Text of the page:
Looking at a Fitful Future : Prepare for Mild Recession Starting in 1990, Geneva Cos. Chairman Advises

Times Staff Writer

The head of one of the nation’s most active merger and acquisition firms said Tuesday that he is advising clients to prepare for a yearlong recession that is likely to begin in the second quarter of 1990.

The recession should be a mild one, said Richard Rodnick, founder and chairman of the Geneva Cos. in Costa Mesa, and Orange County should escape with much less damage than will be felt in other areas of the nation.

Rodnick, who delivered his predictions to a group of area businessmen Tuesday in a speech before the Orange Coast Venture Group in Irvine, said in an interview after the meeting that the county’s diverse business base should help it weather a mild recession. “It will be less impacted than other parts of the country, but clearly will suffer somewhat in an economic turndown.”

Historical Precedent


He said that Geneva’s economists are forecasting the 1990 recession “based on historical precedent and current trends” that include the size of the federal budget deficit and the nation’s foreign trade imbalance.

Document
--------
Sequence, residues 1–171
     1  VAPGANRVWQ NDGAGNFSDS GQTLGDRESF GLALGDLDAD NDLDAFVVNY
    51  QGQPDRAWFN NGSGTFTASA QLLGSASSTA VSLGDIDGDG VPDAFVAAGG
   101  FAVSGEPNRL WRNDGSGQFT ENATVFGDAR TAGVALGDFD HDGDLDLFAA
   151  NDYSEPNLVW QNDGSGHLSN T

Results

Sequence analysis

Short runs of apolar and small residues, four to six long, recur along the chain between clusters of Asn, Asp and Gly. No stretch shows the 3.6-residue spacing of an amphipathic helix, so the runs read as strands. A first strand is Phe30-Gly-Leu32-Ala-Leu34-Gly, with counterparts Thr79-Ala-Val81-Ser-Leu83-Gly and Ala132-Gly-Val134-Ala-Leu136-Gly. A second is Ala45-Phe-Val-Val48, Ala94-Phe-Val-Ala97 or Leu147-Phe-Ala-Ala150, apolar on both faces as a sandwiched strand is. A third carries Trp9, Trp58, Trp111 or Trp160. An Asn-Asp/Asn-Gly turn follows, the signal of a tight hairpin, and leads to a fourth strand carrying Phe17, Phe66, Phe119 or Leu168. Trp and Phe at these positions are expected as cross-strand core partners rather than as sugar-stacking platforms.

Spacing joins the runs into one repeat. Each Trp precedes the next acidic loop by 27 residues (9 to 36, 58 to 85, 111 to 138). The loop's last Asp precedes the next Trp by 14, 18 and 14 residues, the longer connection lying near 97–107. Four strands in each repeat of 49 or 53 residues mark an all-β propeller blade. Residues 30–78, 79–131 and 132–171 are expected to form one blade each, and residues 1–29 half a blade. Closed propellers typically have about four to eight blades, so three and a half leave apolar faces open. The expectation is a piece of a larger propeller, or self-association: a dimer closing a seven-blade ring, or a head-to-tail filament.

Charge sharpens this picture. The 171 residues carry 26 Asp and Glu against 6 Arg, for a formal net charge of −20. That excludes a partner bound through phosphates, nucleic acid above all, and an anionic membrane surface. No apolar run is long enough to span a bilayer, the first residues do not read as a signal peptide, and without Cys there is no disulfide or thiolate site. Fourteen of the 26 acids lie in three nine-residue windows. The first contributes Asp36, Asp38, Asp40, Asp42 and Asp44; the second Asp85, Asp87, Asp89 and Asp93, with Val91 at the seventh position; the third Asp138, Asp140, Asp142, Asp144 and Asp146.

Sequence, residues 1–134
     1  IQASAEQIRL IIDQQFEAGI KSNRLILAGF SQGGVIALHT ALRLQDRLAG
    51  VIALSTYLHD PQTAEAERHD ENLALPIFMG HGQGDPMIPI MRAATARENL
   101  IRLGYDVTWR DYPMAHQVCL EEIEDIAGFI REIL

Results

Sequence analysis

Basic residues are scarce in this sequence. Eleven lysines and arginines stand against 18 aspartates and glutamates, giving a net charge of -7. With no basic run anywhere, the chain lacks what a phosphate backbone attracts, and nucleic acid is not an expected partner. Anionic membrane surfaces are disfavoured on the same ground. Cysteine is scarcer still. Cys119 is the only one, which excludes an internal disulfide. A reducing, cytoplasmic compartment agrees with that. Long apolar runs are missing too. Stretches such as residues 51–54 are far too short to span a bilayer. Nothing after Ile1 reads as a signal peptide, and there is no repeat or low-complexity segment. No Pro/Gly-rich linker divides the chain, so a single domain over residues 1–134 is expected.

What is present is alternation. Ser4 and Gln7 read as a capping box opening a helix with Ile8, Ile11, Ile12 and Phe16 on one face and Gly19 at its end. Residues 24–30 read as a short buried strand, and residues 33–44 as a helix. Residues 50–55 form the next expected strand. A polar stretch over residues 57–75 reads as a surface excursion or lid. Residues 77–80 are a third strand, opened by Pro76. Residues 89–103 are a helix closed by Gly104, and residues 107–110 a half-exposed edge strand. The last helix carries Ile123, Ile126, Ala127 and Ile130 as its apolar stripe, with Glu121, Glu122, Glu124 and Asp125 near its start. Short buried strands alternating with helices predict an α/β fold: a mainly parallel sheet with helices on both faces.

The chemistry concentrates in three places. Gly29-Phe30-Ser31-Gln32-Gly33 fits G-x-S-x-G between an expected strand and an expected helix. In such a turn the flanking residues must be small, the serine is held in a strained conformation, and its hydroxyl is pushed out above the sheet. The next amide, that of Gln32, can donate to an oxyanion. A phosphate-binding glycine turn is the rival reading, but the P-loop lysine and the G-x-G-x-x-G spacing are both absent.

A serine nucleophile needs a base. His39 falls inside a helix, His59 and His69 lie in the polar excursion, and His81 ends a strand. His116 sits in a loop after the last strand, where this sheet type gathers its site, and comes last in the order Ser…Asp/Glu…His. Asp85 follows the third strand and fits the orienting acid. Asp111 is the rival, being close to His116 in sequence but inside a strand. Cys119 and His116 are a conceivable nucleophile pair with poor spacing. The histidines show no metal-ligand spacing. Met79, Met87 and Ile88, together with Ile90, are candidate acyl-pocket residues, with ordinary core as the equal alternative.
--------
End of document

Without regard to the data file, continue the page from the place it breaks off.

In an in-house analysis of 100 years of federal financial data ending in 1986, Rodnick said, Geneva’s economists divided the century into 20 five-year periods and found that recessions occurred in all but one period, which coincided with the Korean War.

The current period of 1986-1991, he said, would be the 21st 5-year period “and while you cannot extrapolate blindly from history, there is a strong precedent, when you combine it with current trends, to suggest a recession is very likely.”

Rodnick said that in the scenario outlined by Geneva economists, “the first half of 1989 will be a mirror image of 1988, but the situation will begin deteriorating in the second half of the year, leading into a recession in 1990.” The scenario holds true regardless of which party wins the presidency in November, he said.


The economic deterioration, he said, will be marked by increases in the prime lending rate, the benchmark against which banks compute interest rates for their best and most credit-worthy borrowers.

In addition, he said, “Congress will begin addressing means of increasing federal revenue, primarily by fine-tuning the deduction of interest. By that I mean that they’ll look for ways to further decrease the amount of interest” that individuals and businesses can deduct from their federal taxes, he said.

“There will also be strong talk in Congress of a value-added tax. I don’t think there will be any action in 1989, but there is a strong possibility of legislation is 1990,” he said. “Finally, we will see Congress begin erecting barriers to offshore (foreign) buyers of U.S. businesses. . . ,” Rodnick said.